Sacred Feminine: Discovering the Goddess

For every human society around the world, throughout prehistory, ritual and religion formed an intrinsic, inseperable element of daily life. Far from being a separate domain of activity, it was woven intimately into economics, politics and social relationships. To understand ourselves, we need to understand the supernatural. Ready to explore?


Venus of Brassempouy
At 25,000 years old, the ‘Venus of Brassempouy’, carved from mammoth ivory and discovered in France in 1894, is one of the earliest known sculptures of a female face. (Photo: public domain)

We’ve got an exciting new course coming up in March here at Atikkam, called Supernatural: The Anthropology of Ritual, Magic and the Occult.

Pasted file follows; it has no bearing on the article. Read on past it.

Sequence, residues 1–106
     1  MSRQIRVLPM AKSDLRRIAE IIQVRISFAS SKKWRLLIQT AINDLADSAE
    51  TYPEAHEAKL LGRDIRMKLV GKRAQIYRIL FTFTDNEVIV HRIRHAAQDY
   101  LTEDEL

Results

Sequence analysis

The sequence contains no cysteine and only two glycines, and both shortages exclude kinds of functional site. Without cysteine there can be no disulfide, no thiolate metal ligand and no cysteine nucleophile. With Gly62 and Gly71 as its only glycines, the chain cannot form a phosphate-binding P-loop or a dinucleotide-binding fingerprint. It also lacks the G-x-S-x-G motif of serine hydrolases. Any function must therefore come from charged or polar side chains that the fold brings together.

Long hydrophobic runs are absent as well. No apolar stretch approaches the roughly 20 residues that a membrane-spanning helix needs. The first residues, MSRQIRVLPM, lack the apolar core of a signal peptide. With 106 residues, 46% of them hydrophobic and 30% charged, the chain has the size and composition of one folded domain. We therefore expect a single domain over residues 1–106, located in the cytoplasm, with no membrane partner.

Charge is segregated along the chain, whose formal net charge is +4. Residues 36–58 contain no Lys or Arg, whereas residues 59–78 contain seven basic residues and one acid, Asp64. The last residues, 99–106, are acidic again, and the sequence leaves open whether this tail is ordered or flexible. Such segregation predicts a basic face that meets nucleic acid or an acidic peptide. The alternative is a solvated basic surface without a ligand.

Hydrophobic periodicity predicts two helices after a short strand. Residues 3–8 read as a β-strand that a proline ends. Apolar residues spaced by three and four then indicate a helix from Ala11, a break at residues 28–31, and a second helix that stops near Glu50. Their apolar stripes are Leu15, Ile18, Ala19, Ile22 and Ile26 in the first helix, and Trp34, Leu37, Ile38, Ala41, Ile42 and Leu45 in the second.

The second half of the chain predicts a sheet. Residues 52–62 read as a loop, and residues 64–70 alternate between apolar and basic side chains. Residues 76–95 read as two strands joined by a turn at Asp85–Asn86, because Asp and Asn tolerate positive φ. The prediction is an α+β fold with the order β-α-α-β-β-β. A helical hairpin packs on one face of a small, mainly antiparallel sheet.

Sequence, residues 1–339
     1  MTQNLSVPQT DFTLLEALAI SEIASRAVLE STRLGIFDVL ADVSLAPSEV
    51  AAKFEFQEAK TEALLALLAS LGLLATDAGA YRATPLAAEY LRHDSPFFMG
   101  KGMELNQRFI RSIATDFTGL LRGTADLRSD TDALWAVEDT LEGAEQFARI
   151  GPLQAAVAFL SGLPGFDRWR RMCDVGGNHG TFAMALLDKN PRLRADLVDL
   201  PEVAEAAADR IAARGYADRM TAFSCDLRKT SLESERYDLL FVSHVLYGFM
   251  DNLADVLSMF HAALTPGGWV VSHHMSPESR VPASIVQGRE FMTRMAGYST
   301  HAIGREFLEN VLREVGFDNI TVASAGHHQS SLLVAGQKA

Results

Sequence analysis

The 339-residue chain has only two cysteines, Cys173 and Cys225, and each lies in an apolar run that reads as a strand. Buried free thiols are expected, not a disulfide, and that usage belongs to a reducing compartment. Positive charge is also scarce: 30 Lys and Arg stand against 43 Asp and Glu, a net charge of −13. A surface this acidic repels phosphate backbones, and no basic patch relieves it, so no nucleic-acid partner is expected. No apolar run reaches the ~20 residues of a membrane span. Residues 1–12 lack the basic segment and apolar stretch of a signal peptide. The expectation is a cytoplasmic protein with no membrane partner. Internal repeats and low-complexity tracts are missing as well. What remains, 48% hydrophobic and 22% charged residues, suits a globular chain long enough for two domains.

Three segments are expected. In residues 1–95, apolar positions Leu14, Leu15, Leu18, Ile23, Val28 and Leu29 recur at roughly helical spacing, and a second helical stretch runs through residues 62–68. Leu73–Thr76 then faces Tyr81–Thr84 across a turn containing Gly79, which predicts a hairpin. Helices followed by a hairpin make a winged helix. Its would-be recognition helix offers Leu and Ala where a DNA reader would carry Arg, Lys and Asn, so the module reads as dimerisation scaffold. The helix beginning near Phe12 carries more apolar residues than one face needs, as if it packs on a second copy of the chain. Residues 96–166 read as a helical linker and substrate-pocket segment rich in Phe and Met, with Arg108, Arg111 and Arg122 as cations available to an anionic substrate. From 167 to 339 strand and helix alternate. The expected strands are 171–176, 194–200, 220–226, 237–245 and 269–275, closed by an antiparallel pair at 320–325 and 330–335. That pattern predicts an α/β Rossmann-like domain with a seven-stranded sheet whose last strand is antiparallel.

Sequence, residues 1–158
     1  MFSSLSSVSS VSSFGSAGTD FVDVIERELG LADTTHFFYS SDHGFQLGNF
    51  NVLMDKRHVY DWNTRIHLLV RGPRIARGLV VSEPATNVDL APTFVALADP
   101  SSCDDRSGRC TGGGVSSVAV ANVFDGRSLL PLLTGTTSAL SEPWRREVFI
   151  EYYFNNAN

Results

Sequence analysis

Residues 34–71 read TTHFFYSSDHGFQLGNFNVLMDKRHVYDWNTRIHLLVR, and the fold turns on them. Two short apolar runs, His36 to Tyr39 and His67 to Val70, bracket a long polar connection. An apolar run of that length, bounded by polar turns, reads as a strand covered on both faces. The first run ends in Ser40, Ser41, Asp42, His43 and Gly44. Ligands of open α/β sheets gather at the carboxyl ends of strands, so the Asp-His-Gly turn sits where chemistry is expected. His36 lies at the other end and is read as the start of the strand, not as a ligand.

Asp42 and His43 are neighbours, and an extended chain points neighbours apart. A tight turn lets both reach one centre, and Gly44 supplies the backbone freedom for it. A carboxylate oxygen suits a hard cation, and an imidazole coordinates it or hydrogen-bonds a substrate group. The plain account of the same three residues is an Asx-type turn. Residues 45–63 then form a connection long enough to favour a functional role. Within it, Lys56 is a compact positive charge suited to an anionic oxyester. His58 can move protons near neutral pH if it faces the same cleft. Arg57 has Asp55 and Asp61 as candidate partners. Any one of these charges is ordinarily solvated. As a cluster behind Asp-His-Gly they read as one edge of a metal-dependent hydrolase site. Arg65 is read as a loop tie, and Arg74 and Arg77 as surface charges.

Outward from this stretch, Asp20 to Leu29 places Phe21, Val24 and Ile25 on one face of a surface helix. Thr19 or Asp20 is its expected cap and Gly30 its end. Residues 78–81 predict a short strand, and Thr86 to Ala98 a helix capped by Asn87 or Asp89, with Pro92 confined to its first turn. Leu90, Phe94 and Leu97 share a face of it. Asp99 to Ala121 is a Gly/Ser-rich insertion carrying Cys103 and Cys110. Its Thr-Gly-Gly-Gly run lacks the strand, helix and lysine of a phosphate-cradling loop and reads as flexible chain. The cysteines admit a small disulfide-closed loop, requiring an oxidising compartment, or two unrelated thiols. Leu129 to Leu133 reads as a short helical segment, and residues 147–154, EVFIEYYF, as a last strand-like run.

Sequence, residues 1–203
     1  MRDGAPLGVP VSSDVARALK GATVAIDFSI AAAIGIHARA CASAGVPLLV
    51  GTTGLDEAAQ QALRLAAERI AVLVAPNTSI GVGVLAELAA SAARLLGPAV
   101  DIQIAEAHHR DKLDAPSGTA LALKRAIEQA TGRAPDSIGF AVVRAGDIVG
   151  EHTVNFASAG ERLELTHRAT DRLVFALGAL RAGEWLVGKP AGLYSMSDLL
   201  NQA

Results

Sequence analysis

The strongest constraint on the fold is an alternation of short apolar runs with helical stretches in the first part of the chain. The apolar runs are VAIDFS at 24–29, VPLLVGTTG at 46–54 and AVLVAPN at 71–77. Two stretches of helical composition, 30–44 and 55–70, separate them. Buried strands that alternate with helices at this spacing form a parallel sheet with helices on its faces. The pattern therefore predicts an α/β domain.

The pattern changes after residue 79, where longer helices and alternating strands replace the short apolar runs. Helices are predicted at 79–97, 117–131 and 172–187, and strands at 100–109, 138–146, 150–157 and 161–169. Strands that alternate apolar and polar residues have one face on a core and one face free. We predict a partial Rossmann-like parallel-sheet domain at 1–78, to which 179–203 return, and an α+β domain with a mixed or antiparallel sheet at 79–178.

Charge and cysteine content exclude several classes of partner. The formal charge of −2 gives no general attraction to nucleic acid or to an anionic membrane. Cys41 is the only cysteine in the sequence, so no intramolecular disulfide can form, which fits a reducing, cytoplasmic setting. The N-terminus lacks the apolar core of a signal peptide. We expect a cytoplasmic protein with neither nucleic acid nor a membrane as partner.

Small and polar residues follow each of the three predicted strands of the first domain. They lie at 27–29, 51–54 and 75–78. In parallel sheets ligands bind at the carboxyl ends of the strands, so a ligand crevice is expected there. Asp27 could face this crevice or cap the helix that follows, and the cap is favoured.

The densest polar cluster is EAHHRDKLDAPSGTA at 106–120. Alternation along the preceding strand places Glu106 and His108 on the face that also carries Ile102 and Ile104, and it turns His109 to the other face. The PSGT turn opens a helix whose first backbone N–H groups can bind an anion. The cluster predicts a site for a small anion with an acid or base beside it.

The programme is based on the course that I teach at Oxford University, but with a special emphasis on exploring the worlds of shamanism, pagan practices and witchcraft – both African and European.

The course is open to anyone, anywhere, and is delivered completely online.

To whet your appetite, here’s a recording of one of our classes, in which we start to explore the world of goddess worship and the sacred feminine – a feature of religious worship that seems to have been deeply ingrained within the prehistoric psyche, and which is currently experiencing a resurgence among modern pagan groups.

But who is the goddess, and what does she mean for women and for society? Join us on our journey into the supernatural world as we try to find out …